How to Prolong the Freshness of Bread

How to Prolong the Freshness of Bread

All restaurants, cafes, and dining establishments often have a large inventory of different bread products. This is because bread is a staple in most dining establishments.

It is used as an ingredient for making sandwiches, as a base for other dishes, as an appetizer or as a side dish. It is also frequently used as an additional ingredient in other culinary preparations such as breading for meat, chicken or fish, and to thicken sauces.

When dining establishments do not have enough bread, they can end up disappointing their customers and possibly lose their patronage. This can ultimately affect the establishment’s reputation and profitability.

But having enough supply of bread is one thing; keeping them fresh and edible is another. Although your dining establishment may have enough of this important ingredient, if the bread goes stale quickly, you won’t be able to use and serve them at all. You will end up wasting your investment and a lot of valuable, costly ingredients.

Trusted bread suppliers say that there are various ways to prolong the freshness and edibility of bread, and prevent it from becoming stale too fast.

Here are some of their most useful tips:

1.    Store bread in the freezer

The best technique to prevent the bread from going stale is to freeze it as soon as possible.

Storing it in the freezer arrests starch retrogradation – the process by which the structure of the starch molecules in the bread change and begin to crystallize. This crystallization forces water out of the bread and causes it to become stale.

The freezer keeps the bread in a stable condition thereby preserving its freshness. When you freeze bread, you can preserve its quality for up to a month.

However, make sure the bread is thoroughly wrapped in plastic before putting it in the freezer. It would also work to your advantage to slice it into portions prior to freezing it.

To get the most out of frozen bread, serve it as soon as it thaws. You can put it in a toaster or oven to heat it up before serving it.

2.    Understand the storage requirements of the different types of bread you use

Different types of bread have different storage needs. Many people do not recommend keeping bread inside a plastic bag since the plastic traps in moisture which can hasten mold development.

However, store-bought loaves with tender crusts are best left in their plastic packaging. But before sealing them, make sure to get as much air out of there as possible. This will ensure the bread won’t dry out or harden prematurely.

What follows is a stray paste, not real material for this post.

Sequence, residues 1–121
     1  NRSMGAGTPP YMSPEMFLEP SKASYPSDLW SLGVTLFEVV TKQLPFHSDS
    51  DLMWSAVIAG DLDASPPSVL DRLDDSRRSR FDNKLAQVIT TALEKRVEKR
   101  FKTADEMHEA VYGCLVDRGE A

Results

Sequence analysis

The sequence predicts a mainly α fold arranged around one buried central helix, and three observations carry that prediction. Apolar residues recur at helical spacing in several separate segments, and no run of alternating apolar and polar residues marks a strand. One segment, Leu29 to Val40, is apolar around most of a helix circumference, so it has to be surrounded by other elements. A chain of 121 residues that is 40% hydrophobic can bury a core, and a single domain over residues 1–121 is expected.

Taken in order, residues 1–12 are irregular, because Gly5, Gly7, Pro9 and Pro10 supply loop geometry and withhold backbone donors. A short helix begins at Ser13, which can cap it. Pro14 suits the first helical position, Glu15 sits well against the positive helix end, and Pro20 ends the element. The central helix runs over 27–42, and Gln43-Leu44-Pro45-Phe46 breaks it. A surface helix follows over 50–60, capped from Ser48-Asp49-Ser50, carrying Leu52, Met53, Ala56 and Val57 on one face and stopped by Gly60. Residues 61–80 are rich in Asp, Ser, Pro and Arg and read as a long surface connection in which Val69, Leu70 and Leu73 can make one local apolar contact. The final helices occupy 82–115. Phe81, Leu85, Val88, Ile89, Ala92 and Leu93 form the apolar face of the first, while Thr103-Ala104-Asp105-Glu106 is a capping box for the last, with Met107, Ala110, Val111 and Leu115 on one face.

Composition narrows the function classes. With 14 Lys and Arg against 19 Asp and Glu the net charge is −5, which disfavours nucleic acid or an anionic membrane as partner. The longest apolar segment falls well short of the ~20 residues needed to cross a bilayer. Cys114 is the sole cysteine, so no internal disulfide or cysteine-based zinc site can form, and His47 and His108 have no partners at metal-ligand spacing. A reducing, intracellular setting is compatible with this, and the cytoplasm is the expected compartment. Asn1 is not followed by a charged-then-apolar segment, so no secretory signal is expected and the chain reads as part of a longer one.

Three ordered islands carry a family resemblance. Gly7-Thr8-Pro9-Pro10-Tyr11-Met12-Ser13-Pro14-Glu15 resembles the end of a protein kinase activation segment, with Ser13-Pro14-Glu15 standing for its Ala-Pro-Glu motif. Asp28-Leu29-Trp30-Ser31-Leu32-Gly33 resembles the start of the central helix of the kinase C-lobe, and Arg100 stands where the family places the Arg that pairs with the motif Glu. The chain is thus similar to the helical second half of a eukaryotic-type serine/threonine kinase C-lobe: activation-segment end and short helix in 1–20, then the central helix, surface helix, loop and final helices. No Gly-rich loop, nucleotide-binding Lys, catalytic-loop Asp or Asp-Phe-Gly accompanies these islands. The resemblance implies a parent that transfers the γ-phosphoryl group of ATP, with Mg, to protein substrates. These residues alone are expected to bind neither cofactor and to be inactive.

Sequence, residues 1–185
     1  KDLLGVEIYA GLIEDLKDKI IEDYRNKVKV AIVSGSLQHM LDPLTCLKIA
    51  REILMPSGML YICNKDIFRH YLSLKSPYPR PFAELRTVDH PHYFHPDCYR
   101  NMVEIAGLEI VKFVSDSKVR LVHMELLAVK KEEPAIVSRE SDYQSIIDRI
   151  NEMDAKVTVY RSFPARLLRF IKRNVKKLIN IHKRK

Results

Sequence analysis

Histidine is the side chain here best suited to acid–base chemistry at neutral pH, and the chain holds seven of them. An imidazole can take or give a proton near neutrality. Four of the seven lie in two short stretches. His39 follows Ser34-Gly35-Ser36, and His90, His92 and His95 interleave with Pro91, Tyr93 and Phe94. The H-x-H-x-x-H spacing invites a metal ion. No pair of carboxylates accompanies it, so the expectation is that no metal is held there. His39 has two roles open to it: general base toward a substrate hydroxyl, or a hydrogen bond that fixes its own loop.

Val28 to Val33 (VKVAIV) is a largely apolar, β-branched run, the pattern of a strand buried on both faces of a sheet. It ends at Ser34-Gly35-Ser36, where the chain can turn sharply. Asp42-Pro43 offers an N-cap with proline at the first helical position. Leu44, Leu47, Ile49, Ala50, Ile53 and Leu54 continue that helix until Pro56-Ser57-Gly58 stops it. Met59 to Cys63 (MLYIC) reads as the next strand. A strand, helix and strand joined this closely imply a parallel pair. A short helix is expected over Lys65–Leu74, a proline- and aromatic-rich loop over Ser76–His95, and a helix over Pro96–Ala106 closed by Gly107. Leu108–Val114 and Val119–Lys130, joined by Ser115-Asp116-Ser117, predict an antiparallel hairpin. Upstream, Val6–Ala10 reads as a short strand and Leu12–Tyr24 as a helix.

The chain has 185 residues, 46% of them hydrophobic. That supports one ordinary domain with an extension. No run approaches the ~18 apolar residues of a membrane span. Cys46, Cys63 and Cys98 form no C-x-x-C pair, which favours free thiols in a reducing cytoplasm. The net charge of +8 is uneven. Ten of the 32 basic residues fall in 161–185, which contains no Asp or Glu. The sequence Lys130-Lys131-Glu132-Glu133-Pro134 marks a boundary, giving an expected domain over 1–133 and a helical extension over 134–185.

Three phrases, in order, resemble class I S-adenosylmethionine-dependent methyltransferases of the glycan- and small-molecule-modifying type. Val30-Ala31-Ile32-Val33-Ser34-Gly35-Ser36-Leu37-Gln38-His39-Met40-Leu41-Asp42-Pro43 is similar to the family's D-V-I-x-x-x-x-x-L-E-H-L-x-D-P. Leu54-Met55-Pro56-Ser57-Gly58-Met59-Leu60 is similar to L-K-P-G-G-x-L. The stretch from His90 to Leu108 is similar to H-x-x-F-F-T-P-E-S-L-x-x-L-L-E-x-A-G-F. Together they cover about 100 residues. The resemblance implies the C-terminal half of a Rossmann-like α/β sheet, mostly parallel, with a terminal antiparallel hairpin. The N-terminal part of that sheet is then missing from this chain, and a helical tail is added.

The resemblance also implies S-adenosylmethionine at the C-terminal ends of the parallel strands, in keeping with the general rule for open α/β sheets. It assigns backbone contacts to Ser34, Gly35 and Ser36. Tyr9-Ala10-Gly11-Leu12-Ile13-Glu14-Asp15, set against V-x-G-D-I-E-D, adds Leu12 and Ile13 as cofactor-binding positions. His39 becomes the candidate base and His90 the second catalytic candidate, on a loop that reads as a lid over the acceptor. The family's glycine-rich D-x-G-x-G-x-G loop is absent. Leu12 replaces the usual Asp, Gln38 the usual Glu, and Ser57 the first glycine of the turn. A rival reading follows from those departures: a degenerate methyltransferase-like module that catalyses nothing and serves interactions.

Crusty bread, on the other hand, should be kept in paper bags or in their original paper packaging to prevent them from drying out quickly. If a hard-crust loaf dries up, for instance, the moisture that is pushed out is absorbed by the hard crusts thereby making the bread rubbery and tough to chew.

3.    Never store bread in the refrigerator

Although storing bread in the fridge can delay the development of molds, doing so will only speed up the staling process.

So if your freezer is full, simply store your bread, especially the artisanal varieties such as baguettes, brioche, and ciabatta, in a dry place. But make sure you wrap them in a clean dish towel or paper bag first.

A ceramic bread box is your best option since it promotes air circulation. The air inside is enough to keep the bread moist without drying it. If you don’t have this type of bread box and can’t find one, you can place the bread on a wooden board with the cut-side down. This will prevent the exposed crumb from drying out.

It is also worth mentioning here that the bigger the bread, the longer its shelf life. As long as it is stored properly, large artisan bread can keep for a week.

As a final tip, if you already have some stale or nearly stale bread, you don’t have to throw them out immediately. You can turn them into bread crumbs or croutons to add to your vegetable salads or soups. You can slice the bread into cubes and freeze them for making croutons later.

Whether you own a steakhouse, a fine dining restaurant, or café, following these storage tips will help ensure you are serving and using good quality bread in your dining establishment. You won’t have to waste unused or stale bread as well.

AUTHOR BIO

Jad Asaad is the Marketing Manager at Horeca Trade LLC with more than eight years of experience in digital, online and offline marketing. He started his career in Beirut working in a creative agency and then moved to Dubai to further expand his career. He created and implemented award-winning high-impact digital and offline marketing campaigns that consistently generated revenue streams and improved performance in targeted segments.

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